Let me admit my unabashed sentimentality here and now by recommending this disc as one of the most attractive I've come across. This year or any year. (Naxos put this compilation together for release in 1996).
The music on the program is the best of what the British call "light music," trifles for orchestra. These little jewels include Eric Coates's "By the Sleepy Lagoon," "Knightsbridge March," and "Dam Busters March"; Albert Ketelbey's "Bells across the Meadows," "In a Monastery Garden," and "In a Persian Market"; Haydn Wood's "Sketch of a Dandy"; Ernest Tomlinson's "Little Serenade"; Ronald Binge's "Sailing By"; Arthur Benjamin's "Jamaican Rumba"; Edward White's "Puffin' Billy"; Billy Mayerl's "Marigold"; and a host of others, twenty tracks in all, over seventy-eight minutes' worth, wonderfully played, and generally well recorded.
Needless to say, it's all very easygoing and old fashioned by today's standards. Almost all of these pieces were composed early in the twentieth century, pre-Elizabeth II, when things were moving a lot slower than they do today. But that doesn't make the music any the less entertaining. For instance, those of you who have resisted my prodding over the years to invest in the wonderfully syrupy works of Albert Ketelbey can get your feet wet with little risk. The Coates and Ketelbey numbers are not so well characterized as they are on several of EMI's Classics for Pleasure discs, but they are close.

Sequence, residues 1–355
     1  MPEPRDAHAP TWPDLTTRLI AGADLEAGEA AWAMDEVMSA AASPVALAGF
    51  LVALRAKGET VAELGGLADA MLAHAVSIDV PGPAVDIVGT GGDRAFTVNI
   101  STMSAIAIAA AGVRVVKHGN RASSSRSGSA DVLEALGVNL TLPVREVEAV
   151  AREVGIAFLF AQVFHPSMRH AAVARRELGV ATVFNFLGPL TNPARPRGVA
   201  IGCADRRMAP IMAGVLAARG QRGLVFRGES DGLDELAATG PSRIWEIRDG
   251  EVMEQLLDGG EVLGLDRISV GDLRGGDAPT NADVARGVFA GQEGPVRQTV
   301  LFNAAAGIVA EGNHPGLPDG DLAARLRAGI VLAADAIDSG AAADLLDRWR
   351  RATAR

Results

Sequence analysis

What's more, all the selections have good to excellent sound as well, taken as they are from a variety of albums on Naxos's former full-priced companion label, Marco Polo: "good" sound meaning smooth and warm; "excellent" meaning added clarity and depth of field.
Look, we can't spend all our time listening to serious classical, loud rock, and things blowing up on movie soundtracks. We can use our audio systems for some shamelessly mushy musical enjoyment, too, and here it is.
To listen to a brief excerpt from this album, click below: